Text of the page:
Why should we care? Because history matters; it evidently matters enough to Bouie that he’d attempt to rewrite it. Why does he feel the need to so overstate this particular historical case? That goes back to the competing historical narratives about America’s first century. Bouie could have argued for the “Black Narrative” — that is, a perspective that insists merely on hearing the voices and including the accomplishments of black Americans. That narrative coexists peacefully with the Union Narrative, which stresses the continuity between Lincoln and the Founding Fathers and the central role of the Lincoln- and Grant-era Republicans in expanding the promise of the Founding. Douglass and some (though not all) black leaders of his era respected the promise of the Founding. Even in his famous “what to the slave is the Fourth of July” speech, Douglass declared, “I am not wanting in respect for the fathers of this republic . . . for the good they did, and the principles they contended for, I will unite with you to honor their memory.” His problem with America was different: “Are the great principles of political freedom and of natural justice, embodied in that Declaration of Independence, extended to us?”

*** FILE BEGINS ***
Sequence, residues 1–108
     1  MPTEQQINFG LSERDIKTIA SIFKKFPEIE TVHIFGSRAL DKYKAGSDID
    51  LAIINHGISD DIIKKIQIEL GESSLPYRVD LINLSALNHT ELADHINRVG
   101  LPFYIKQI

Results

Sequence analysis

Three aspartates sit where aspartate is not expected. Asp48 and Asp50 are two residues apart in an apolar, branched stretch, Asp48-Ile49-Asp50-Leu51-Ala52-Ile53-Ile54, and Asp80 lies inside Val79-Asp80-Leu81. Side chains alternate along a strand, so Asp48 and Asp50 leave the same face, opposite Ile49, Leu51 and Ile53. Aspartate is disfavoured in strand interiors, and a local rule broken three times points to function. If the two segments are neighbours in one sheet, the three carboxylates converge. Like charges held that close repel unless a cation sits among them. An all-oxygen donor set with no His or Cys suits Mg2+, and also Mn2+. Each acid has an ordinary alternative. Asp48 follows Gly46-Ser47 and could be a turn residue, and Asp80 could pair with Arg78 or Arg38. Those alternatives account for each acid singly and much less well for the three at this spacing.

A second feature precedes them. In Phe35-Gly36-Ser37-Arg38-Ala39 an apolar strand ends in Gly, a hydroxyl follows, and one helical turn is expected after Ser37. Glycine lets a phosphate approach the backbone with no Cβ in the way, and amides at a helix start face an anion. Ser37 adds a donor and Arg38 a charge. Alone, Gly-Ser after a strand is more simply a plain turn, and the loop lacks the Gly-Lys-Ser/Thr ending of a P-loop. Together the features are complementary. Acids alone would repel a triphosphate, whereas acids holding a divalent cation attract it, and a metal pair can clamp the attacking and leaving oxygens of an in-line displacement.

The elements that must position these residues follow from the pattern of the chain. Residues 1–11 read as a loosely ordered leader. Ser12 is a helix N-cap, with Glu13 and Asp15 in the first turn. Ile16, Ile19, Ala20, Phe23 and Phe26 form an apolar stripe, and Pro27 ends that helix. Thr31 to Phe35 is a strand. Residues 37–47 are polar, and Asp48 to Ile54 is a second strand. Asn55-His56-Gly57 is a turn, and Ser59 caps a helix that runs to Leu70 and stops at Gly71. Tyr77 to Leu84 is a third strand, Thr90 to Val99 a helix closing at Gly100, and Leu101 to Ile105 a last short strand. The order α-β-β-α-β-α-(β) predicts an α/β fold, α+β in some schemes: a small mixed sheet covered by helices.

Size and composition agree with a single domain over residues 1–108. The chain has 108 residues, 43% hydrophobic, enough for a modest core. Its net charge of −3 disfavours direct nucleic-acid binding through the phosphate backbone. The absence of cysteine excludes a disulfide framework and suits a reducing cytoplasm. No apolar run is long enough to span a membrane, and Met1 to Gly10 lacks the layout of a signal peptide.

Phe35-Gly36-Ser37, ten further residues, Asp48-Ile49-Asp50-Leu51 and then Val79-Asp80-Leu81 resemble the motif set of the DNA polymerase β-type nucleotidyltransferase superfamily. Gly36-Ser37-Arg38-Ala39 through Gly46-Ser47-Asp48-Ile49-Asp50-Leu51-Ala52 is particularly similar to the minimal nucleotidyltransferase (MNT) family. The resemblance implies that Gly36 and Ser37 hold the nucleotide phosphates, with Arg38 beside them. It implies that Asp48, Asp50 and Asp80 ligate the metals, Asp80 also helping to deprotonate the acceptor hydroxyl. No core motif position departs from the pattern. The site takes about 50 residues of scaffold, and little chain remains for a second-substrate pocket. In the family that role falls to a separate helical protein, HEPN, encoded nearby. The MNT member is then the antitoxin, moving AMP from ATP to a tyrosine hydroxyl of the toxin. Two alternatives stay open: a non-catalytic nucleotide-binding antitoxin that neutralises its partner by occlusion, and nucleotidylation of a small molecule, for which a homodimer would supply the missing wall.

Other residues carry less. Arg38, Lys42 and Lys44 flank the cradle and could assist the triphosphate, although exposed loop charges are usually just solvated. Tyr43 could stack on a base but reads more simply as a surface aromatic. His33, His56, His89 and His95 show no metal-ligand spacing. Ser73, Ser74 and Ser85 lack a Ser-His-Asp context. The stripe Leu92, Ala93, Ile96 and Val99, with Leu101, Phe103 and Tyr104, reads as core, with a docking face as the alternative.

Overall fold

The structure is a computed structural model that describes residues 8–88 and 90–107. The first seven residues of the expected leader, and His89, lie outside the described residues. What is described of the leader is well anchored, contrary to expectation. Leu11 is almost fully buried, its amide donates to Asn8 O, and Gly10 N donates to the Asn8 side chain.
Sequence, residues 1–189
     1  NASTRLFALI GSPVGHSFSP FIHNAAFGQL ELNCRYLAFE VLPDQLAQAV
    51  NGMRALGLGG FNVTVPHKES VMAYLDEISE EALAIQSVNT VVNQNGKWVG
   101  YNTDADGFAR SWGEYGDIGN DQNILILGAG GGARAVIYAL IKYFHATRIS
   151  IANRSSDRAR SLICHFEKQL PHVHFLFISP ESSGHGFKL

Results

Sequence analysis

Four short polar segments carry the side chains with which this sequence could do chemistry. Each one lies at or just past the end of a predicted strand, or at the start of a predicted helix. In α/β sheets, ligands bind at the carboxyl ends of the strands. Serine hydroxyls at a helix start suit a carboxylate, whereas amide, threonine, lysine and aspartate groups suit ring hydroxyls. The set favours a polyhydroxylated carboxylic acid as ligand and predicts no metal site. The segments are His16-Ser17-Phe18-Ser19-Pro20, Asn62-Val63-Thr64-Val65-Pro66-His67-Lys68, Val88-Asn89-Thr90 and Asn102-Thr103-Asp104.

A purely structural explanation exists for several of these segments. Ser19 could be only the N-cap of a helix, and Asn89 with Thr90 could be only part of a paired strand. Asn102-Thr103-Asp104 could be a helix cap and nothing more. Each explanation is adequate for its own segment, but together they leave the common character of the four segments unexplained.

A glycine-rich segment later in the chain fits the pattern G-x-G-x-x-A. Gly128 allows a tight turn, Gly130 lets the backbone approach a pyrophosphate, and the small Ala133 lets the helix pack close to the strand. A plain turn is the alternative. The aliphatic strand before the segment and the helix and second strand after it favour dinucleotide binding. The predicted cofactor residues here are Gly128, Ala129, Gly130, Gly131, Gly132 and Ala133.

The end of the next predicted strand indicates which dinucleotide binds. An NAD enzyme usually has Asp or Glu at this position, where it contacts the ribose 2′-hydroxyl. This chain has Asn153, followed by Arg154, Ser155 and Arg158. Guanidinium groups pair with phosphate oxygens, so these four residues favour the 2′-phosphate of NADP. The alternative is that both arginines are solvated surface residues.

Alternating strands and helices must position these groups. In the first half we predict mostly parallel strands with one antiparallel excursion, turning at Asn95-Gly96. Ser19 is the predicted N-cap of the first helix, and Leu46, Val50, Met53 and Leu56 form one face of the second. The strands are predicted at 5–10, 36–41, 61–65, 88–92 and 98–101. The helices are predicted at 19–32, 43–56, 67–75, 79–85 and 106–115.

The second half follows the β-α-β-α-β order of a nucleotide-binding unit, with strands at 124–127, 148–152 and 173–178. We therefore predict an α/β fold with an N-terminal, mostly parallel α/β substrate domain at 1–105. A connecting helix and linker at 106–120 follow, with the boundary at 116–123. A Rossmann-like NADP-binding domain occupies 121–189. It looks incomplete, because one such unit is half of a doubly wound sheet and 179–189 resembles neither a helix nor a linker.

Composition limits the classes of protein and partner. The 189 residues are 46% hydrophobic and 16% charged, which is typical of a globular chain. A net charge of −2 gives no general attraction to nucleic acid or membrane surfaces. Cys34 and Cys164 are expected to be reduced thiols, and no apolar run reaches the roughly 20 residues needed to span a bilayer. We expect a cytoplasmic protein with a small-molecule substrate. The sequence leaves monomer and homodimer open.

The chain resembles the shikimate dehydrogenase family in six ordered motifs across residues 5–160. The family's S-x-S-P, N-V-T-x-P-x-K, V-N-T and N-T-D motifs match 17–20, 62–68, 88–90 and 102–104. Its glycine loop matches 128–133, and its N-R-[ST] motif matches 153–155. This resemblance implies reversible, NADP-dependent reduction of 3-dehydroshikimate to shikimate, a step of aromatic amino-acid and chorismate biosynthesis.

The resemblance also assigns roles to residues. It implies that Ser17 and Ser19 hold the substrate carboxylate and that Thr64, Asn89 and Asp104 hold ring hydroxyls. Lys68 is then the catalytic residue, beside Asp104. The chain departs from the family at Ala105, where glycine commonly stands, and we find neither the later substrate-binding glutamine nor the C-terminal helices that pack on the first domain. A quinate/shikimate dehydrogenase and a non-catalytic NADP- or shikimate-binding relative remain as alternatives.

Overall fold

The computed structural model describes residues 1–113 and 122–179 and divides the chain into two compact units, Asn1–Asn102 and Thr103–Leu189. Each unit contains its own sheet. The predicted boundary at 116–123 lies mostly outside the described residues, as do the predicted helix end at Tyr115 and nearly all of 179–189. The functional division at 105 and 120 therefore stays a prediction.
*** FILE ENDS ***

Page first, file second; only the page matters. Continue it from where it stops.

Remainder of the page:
By seeking to topple Lincoln and Grant from their pedestals, Bouie’s column aligns instead with the Radical Narrative increasingly adopted by his newspaper, in which Lincoln and his view of the Founding must be undermined at every turn, and denied all credit for their successes and their sacrifices. Given Bouie’s ideological commitments, it is not surprising that he would seek to minimize the role of Lincoln-era Republicans, with their classical-liberal ideology, their free-labor economics, their evangelical Christian faith, their American nationalism, and their political base of white Midwesterners, in ending slavery. But we need not play along in his revisionist project.